Throughout the recent months of accusations of sexual harassment against celebrities, politicians and corporate executives, I got the point: The culture has changed. From here on, relationships between men and women will not be the same — and that seems good.
I did, however, have a lingering question. I understand why the victims were reluctant to come forward, fearing retaliation from their powerful abusers. But how, I wondered, could their memories of the abuse be so vivid, so powerful, so clear, after so many years — decades in some cases.
Then I heard a woman in her 80s recently read a short story to a group of her fellow seniors about a night 60 years ago on a lonely country road in southern Minnesota.
She was being driven home from a friend’s wedding, where she’d been the maid of honor.
She remembered the night with detailed clarity: The wedding went off without a hitch and was followed by a reception where people talked, danced and drank. As the party waned, the bride’s brother offered to take his sister’s attendant home, a farmhouse about 20 miles away. He’d been drinking, but seemed all right to drive. On the way to her home, he pulled off on a side road and parked the car.
He leaned over and put his hand under the 19-year-old’s dress. She shrieked. Her mind was racing, her head spinning, wondering what was happening — and why. She told him to stop. He didn’t. Then, in a moment of calm, clarity and courage, she ripped off the wedding corsage from her dress and drove the pin into her attacker’s thigh.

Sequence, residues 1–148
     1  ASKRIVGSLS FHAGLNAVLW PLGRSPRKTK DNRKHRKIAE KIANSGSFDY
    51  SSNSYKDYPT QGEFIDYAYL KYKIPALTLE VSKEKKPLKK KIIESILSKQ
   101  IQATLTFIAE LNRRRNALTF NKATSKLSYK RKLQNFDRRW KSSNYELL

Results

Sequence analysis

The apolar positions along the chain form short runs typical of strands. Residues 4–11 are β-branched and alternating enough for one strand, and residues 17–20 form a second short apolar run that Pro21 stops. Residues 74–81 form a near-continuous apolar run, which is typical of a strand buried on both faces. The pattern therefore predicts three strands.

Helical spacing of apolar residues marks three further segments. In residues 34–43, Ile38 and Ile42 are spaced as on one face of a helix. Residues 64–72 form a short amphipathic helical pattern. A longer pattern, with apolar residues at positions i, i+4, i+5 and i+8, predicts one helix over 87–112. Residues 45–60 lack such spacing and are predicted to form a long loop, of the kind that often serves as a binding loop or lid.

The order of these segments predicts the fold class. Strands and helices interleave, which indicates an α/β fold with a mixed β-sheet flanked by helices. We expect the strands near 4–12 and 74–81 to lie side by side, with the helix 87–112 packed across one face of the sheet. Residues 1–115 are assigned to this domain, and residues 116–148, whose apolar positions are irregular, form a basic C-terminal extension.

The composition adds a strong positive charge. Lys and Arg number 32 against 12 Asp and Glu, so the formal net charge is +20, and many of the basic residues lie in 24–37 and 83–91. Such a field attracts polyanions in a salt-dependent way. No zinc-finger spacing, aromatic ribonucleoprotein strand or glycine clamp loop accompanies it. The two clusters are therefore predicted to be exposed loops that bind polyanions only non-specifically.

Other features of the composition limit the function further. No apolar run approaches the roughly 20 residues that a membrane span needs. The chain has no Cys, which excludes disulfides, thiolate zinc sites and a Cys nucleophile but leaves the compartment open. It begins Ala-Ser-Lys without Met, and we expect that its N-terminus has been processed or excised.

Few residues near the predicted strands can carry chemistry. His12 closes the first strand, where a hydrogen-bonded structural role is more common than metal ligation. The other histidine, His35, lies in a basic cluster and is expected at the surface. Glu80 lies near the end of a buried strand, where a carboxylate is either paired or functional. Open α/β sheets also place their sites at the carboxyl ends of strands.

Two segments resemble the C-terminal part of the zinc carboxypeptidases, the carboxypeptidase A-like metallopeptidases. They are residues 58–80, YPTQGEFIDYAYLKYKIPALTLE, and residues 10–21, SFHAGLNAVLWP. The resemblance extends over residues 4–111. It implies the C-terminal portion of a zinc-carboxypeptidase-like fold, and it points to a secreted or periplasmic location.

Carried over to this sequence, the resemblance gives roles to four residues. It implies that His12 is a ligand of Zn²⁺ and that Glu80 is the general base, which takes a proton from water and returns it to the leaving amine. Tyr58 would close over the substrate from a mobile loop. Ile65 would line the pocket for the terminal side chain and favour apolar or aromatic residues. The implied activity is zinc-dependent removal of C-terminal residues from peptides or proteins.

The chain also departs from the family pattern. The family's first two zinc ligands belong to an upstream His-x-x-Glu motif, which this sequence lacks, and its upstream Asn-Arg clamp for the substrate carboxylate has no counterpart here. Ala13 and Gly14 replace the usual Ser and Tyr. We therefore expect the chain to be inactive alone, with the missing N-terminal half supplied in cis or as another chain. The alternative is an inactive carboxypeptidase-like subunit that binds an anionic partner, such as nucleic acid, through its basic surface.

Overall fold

He let out a yelp, took his hand away and said he was sorry. He’d drive her straight home. On the way, he begged her not to tell anyone, especially her brothers.
And she did not. She didn’t tell anyone. But here she was, six decades later, reading her short story to about a dozen of us sitting around a table in a “retirement village.”
Her story of the evening and the unfolding event was as vivid as if it had happened a week ago. She read it slowly, softly, calmly and carefully. It was spellbinding. Now I truly understood. She hadn’t been raped. Or threatened. But she HAD been humiliated, traumatized. And that kind of experience does not go away.
Her story shocked and surprised me. I don’t think any of the women sitting around the table felt that way. They knew at once why that night hung in her memory forever. I think sometimes guys, including me, tend to think: What’s all the fuss about? Nothing much really happened — a wayward hand on the thigh, an unwanted kiss on the cheek.
The truth is, women don’t do that to guys, at least in my experience. Oh, there was the sloppy kiss on the cheek when I went to my grandmother’s and she hadn’t seen me in awhile. That was merely embarrassing.
The recent revelations, recollections and reactions are more than embarrassments. What’s encouraging is that our society has taken a step forward — toward respectful equality and soulful enlightenment. I can handle this new world, with its changing rules and rituals.
It turns out that the 19-year-old girl, now a senior woman, could handle what happened to her on that country road.
She finished her short story with this observation: Apparently I didn’t do any serious damage to him with that pin. He went on to get married, moved away and had five children.
She smiled. The story was finished.
Dave Nimmer has had a long career as a reporter, editor and professor. Now retired, he has no business card, but plenty to do. Send comments or questions to firstname.lastname@example.org.